Dice don't state, "The Maine was Sunk, move 3 spaces on the war track and discard this card or move one unit" as cards do. Dice essentially say "An event occurred, you have these options because of it". Because each die outcome has different options players can choose courses of actions within the dictates of the outcome.

Each die has 6 possible outcomes with a couple possible ways to use each outcome.

A. Move 2 armies or attack with one, or play a card with the same symbol on it.
B. Muster 2 units onto the board, move one political marker one space, or play a card with the same symbol on it.
C. Choose A or B.
D. Move all characters, move an army by activating a character in the same space, play a card with the same symbol on it, or (free people only) move the fellowship.
E. Play a card or draw a card.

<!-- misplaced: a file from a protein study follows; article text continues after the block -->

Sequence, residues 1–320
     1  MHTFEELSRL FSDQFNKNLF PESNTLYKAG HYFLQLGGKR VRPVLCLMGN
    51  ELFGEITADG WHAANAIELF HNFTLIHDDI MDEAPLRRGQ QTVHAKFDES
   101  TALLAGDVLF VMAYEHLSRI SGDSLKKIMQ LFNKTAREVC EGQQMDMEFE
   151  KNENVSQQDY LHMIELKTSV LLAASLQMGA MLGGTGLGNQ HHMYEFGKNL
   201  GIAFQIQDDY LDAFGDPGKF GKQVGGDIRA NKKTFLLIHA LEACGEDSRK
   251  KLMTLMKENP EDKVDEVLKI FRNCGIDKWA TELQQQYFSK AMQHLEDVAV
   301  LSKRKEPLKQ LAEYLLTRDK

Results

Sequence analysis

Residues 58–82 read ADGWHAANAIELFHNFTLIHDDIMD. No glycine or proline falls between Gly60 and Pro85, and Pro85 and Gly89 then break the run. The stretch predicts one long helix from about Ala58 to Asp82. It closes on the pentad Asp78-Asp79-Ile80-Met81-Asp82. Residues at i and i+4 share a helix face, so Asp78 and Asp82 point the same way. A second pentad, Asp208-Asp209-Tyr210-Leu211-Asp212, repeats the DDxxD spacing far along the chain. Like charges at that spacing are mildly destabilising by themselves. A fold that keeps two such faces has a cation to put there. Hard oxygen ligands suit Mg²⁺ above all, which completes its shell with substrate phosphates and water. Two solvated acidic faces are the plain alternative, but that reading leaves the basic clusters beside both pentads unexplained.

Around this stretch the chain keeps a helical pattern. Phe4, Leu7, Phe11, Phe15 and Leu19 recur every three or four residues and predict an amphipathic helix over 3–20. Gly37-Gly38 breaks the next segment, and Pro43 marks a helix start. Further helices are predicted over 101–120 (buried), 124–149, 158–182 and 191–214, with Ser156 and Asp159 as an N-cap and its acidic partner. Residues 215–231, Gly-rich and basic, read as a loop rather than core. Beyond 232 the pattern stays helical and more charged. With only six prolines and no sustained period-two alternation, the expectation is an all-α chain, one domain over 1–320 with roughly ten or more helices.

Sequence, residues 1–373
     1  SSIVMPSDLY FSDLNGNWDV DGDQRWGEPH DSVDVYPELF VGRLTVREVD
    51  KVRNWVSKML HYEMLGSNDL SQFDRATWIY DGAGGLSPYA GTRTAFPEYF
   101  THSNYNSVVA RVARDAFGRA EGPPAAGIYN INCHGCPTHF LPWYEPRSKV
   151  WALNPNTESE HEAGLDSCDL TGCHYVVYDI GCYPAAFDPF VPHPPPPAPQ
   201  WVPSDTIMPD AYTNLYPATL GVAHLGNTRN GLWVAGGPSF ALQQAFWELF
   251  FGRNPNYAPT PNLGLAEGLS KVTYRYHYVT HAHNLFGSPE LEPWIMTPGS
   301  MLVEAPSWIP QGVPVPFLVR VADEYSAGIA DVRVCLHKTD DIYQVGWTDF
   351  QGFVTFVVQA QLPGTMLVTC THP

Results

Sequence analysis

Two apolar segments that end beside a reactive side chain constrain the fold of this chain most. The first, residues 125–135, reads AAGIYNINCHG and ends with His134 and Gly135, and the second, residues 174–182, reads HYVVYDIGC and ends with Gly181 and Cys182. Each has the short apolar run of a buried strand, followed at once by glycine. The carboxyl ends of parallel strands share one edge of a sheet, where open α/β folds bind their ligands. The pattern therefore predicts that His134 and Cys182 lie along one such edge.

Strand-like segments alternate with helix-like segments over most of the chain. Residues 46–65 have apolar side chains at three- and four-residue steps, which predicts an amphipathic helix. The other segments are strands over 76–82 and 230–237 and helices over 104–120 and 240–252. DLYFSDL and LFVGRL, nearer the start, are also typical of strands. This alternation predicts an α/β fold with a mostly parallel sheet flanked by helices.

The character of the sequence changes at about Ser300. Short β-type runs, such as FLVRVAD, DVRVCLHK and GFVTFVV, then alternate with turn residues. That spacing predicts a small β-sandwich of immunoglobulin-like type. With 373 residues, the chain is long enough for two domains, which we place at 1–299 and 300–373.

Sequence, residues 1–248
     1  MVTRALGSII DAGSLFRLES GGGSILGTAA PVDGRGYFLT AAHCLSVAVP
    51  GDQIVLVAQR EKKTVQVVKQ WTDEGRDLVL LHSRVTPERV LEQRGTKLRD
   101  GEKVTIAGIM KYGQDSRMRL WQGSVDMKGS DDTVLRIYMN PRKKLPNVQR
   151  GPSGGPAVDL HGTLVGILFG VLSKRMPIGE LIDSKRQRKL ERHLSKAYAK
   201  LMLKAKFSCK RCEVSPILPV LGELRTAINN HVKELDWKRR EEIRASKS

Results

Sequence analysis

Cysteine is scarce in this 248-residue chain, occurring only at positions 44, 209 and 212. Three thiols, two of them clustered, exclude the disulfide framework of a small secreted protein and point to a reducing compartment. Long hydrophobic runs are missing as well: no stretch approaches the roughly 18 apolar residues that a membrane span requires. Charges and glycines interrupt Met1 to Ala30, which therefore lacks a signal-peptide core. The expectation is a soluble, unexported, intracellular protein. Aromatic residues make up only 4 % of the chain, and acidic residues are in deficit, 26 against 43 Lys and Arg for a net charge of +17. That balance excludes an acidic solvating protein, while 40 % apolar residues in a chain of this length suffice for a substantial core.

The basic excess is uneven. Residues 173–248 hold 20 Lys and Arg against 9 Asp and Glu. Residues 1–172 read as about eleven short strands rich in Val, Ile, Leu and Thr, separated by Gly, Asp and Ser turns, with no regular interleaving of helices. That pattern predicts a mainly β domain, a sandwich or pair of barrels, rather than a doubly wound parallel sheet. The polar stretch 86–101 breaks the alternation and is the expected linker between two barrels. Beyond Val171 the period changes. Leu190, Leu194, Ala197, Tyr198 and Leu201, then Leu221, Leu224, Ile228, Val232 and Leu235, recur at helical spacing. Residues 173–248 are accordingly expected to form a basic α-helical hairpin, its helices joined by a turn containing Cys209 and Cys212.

F. Commit the die to the hunt box (Shadow player) or wild card (free people).

If the muster option doesn't come up, that represents the unwillingness of nations to go to war (a important theme of the books). If the muster option does come up, that represents a narrow opportunity for a player to take steps to influence one nation in a small way. Which nation should he take the opportunity to influence? That recreates the fact that players have limited resources and must choose wisely.

Other results represent other major themes of the book and choices that needed to be made by both the free and shadow sides.

By rolling several dice and using one at a time, prioritizing available options is addressed as discussed earlier with the card driven games.

Because each result can be used for a couple different actions, players still have options within the limitations of uncertainty as afforded by card-driven games.